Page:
Defining 'regime change'
12/3/2002 12:00:00 AM - Frank Gaffney
Bill Clinton's administration was caricatured, and the last vestiges
of his reputation shredded, with his famous dodge "It depends on what the
definition of 'is' is." Now, as the clock runs down to next Sunday's
deadline for Saddam Hussein to make a full disclosure of his arsenal of
weapons of mass destruction, President Bush risks doing similar damage to
his legacy -- and, more importantly to the national security -- by
redefining the clear meaning of "regime change" in Iraq.
That meaning was originally established by Public Law 105-338 known
as the "Iraq Liberation Act." When this bipartisan legislation was adopted
by veto-proof margins in both houses of Congress, President Clinton chose to
sign it into law. Unfortunately, as was his wont, he decided not to
implement the act's direction that: "It should be the policy of the United
States to support efforts to remove the regime headed by Saddam Hussein from
power in Iraq and to promote the emergence of a democratic government to
replace that regime."
To President Bush's credit, he has repeatedly declared regime change
in Iraq to be the policy of his administration. His subordinates have
echoed this principled position on myriad occasions, often in response to
urging from other quarters to the effect that "containing Saddam"or
disarming him would be sufficient.
The reasons Mr. Bush and his senior advisors have publicly distanced
themselves from such alternatives to the toppling of Saddam can be reduced
to three words: They won't work.
For confirmation, one need look no further than the situation in
Iraq today after nearly a week of resumed UN weapons inspections. Hans
Blix, the hapless Swedish diplomat chosen by Saddam's friends on the
Security Council to run the search for chemical and biological weapons and
their delivery systems is demonstrating why he was tapped for the job.
According to press accounts, he is selecting inspectors, not on the basis of
their expertise, but in light of their inoffensiveness to Saddam. Even UN
officials have confided to reporters off the record that "a lot of
inspectors are inexperienced" and are being hired without background checks
to establish their fitness, let alone their objectivity and integrity.
The conduct of the inspections to date inspires no more confidence.
True to form, Blix has thus far sent his inspectors to previously known
weapon and related industrial sites certain to have ceased activities of
interest long ago.
Meanwhile, Western intelligence is reporting that Saddam is ordering
his scientists to hide components of weapons of mass destruction in their
homes and on farms. If true, this arrangement would infinitely compound the
inspectors' difficulties in discovering the whereabouts of Iraq's weapons of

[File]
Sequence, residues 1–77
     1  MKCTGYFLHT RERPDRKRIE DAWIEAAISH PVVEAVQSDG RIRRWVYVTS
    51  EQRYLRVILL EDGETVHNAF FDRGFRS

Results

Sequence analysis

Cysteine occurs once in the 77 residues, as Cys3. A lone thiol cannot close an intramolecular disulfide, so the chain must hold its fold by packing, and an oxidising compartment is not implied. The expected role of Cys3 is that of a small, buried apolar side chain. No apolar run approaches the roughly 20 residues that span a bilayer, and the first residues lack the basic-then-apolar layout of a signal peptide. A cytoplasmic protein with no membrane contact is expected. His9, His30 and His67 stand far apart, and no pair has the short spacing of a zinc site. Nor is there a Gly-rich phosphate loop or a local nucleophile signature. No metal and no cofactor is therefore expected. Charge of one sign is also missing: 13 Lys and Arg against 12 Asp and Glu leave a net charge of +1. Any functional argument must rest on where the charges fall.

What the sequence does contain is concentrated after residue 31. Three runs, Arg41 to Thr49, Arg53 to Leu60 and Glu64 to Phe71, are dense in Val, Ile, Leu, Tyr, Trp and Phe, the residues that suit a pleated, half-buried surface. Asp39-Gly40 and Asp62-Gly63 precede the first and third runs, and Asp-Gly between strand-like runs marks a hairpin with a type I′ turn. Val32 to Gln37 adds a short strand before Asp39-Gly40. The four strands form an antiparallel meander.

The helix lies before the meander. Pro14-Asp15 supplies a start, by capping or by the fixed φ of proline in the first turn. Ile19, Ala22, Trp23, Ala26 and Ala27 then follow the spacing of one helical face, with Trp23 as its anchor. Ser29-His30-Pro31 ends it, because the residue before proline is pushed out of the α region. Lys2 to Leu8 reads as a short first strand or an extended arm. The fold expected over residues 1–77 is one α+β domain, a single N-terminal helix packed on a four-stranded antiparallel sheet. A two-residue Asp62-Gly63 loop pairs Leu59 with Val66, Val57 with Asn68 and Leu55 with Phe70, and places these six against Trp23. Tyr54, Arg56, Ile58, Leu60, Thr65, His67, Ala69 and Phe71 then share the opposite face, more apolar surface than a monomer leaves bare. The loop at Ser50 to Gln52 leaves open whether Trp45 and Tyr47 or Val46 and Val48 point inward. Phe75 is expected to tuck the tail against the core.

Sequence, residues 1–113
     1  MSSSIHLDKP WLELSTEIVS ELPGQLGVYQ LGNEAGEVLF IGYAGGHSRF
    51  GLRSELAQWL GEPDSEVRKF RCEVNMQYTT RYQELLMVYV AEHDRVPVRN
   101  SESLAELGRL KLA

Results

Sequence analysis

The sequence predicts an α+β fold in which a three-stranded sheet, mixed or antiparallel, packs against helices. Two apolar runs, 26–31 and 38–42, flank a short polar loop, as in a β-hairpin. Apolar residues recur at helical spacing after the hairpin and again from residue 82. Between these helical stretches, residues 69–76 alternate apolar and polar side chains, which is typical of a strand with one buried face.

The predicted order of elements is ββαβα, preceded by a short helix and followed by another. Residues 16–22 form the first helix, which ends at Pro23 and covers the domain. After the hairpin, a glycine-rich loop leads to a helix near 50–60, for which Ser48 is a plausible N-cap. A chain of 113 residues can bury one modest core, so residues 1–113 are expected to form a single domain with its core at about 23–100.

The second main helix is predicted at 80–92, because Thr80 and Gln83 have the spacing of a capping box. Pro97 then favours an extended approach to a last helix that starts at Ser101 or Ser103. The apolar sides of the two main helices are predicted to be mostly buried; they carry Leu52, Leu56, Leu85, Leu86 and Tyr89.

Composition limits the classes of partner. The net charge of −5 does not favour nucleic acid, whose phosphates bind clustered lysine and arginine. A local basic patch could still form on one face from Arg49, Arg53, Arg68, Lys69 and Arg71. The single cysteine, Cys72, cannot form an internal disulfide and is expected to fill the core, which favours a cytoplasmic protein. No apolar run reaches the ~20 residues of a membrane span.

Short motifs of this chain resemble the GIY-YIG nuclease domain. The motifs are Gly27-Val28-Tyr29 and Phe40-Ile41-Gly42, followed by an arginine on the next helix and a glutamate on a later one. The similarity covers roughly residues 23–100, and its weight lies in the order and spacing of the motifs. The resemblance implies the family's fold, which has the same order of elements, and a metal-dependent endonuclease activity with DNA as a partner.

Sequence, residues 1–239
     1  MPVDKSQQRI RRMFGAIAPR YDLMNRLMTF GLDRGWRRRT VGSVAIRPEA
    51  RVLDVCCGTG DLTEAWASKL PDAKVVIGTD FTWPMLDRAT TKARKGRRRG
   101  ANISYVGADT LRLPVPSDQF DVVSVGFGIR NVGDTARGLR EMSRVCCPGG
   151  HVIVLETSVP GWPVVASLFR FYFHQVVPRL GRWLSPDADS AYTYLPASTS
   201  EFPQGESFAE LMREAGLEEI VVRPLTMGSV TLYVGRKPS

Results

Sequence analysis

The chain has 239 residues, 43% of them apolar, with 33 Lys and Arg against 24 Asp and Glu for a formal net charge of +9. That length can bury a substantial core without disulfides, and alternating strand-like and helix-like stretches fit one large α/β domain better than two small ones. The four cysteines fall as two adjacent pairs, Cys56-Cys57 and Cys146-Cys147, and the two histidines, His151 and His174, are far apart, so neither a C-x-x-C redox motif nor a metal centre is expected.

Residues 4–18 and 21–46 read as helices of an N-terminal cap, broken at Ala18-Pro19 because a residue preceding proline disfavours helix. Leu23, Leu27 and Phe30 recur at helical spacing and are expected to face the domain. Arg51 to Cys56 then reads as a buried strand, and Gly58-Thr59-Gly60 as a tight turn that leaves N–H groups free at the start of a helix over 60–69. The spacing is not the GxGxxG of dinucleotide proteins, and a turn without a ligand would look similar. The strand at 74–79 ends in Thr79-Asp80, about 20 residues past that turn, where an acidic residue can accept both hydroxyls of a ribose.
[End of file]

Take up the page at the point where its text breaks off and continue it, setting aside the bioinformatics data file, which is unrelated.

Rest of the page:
mass destruction. Should enough time be allowed to elapse, the danger will
grow that at least some of these weapons will wind up in the hands of
terrorists or other bidders. Yet, Blix's counterpart for the nuclear
weapons inspections, Mohamed al-Baradei, told the BBC on Sunday that "it
would take us probably around a year before we can come to a reasonable
conclusion that Iraq does not possess the capability to have nuclear
It is against this worrisome backdrop that the Bush administration
has been suggesting that what the President means by "regime change" is not
necessarily the removal from power of Saddam Hussein and his ruling clique.
Now, we are told, if Saddam cooperates with the inspectors and disarms, his
regime will have "changed." Ergo, no problem -- and certainly no need for
U.S.-led military action to liberate Iraq.
This formula may suit the United Nations, whose membership remains
dominated by totalitarians and other despots and recoils from the idea that
any of their peoples might be freed by dint of outside intervention. As in
1991, when the first Bush administration averred that it had no UN mandate
to remove Saddam from power, the absence of one today could ensure the Iraqi
tyrant's survival for years to come.
It may even suit the likes of Senator John Kerry, who announced
Sunday that he hopes to run against President Bush in 2004. According to
Sen. Kerry, the United States would lack "legitimacy" if it acted without
the support of the United Nations. Even though he voted for the Iraq
Liberation Act in 1998, Mr. Kerry told NBC's Tim Russert: "I'd not be
willing to support the president [in unilateral action against Iraq] if it's
just for regime change."
President Bush now faces a choice that will, ironically, define his
presidency and perhaps his political future. He can reaffirm his commitment
to change the regime in Iraq via the only means that has any hope of
genuinely, let alone permanently, disarming that country -- namely, by
liberating its people from Saddam's misrule. If he does so, in the process
assuming all the risks such an action entails, he offers hope not only to
Iraqis repeatedly abandoned by the UN but to many millions elsewhere in the
region and beyond who yearn no less than they for freedom.
If, on the other hand, Mr. Bush goes along with a redefinition of
the meaning of "regime change," he will not avoid war between Iraq and the
United States. If he allows the UN once again to trump sovereign American
decisions about our security, he will simply be condemning this nation to a
conflict with Saddam at some other time and under circumstances of the
latter's choosing, a conflict which will, as a result, surely be more
destructive and costly to both Americans and innocent Iraqis. Perhaps
betweentimes, Mr. Bush could face defeat not from a John Kerry who will
applaud his inaction, but -- like his father in 1992 -- from a more
formidable rival who condemns him for leaving Saddam in power.